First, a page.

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Explicit expression of the PCE surrogate

Hi Everyone,

Currently, I am trying to use PCE as a metamodelling (surrogate) model.
I have followed the steps suggested by @bsudret in PCE as a surrogate model for optimization solver.

After getting a metamodel as an uq_model, I can retrieve the coefficients of the PCE surrogate model.

I am looking for an explicit expression of the PCE surrogate so I followed @nluethen 's suggestion in Construct a PCE surrogate using a set of user defined experimental data. I used the MATLAB function polyval to evaluate the function with the coefficients I get from the myPCE.PCE.Coefficients.

However, I failed to do so, and I think it is because UQLab automatically transforms the input (uniform distribution in this case) into standard uniform space. If this is correct, is there any function to transform it back to normal space? I tried the function uq_invNatafTransform, but the third input would cause an error since I only have one marginal (detail below).

E.g. For a polynomial function as the following,

y = -0.5X^3 + 12X^2 + 60X + 0

I am hoping to get a similar result like the figure below for interval X = [0 25], which is also the uniform input distribution.

surrogate
(retrieved from Bailleul, W. (2018). Using polynomial chaos expansion for wind energy.)

Instead, I am getting like the following figure using OLS as the method to calculate the coefficients.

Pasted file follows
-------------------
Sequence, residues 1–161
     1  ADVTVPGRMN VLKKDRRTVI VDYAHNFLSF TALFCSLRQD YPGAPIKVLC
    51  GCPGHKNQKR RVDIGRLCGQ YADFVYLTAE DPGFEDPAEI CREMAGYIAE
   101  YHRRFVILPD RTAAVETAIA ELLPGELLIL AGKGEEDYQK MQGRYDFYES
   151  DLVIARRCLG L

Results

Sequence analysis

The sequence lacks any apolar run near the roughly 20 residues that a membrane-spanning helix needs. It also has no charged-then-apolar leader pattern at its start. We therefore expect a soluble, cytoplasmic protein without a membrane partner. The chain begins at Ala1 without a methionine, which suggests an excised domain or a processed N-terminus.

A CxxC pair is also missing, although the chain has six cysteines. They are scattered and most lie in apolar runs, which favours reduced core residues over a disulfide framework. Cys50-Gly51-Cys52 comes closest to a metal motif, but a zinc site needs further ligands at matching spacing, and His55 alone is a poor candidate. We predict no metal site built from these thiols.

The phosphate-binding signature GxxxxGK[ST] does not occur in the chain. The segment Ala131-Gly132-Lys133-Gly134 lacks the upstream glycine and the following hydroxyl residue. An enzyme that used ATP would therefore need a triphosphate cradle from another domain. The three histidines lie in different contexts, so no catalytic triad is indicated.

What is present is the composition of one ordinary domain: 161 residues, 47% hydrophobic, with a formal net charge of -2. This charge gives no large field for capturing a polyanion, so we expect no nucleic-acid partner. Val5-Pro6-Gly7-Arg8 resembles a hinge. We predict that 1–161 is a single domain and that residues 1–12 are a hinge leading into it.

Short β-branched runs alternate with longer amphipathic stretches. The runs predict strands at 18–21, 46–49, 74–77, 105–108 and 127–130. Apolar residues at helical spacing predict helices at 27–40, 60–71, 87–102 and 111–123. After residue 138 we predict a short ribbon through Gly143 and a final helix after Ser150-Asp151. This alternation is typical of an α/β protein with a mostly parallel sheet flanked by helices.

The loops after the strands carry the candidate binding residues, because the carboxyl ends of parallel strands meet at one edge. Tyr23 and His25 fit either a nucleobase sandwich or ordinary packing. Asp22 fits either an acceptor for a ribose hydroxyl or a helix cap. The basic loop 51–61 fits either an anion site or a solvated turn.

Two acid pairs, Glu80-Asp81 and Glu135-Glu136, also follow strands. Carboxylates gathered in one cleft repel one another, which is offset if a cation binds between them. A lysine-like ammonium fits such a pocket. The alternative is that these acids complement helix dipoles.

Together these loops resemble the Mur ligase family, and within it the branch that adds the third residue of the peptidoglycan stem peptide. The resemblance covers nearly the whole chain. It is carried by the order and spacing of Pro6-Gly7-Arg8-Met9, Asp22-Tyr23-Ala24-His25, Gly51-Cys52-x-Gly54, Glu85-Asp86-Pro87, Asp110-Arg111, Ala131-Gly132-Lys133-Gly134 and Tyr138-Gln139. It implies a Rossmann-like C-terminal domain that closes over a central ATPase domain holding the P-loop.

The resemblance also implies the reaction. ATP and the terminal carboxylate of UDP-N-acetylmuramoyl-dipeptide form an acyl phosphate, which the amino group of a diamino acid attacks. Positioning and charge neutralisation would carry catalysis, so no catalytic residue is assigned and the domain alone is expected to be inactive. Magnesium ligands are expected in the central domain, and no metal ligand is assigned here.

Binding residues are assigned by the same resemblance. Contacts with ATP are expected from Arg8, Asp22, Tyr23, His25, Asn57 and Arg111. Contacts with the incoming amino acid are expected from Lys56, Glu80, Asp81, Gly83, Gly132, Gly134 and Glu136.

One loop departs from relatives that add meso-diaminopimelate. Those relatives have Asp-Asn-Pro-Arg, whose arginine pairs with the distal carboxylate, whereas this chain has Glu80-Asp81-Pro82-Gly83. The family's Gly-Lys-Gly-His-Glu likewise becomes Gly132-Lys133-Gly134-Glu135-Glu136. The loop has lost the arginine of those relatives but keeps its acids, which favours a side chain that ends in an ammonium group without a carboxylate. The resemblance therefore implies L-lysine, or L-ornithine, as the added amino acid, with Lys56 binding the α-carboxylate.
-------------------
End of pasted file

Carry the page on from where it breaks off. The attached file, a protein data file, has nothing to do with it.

surrogate_failed

I will appreciate any help!

Best regards,
Jason

Hi @WindEng,

Thank you for asking here.

  1. If you want to evaluate a PCE model, please use uq_evalModel (see the model manual for more details).

  2. The standard space for uniform distributed variables is [-1,1]. More precisely, a PCE model for X\sim\mathcal{U}(a,b) is evaluated by

    \mathcal{M}^{\rm PCE}(x) = \sum_{i} c_i \Psi_i\left( \frac{2x - b - a}{b-a}\right).

    where \frac{2x - b - a}{b-a} is an affine transformation that maps x\in[a,b] to [-1,1], \Psi_i's are standard Legendre polynomials defined on [-1,1], and c_i's are the associated coefficients.

  3. The built-in function polyval of Matlab uses monomials (i.e. 1,x,x^2,x^3,\ldots) as a basis, which are not orthogonal polynomials (please refer to the the input manual for a more detailed presentation of orthogonal polynomials). Consequently, if you want to keep using polyval, it is important to represent orthogonal polynomials by monomials.

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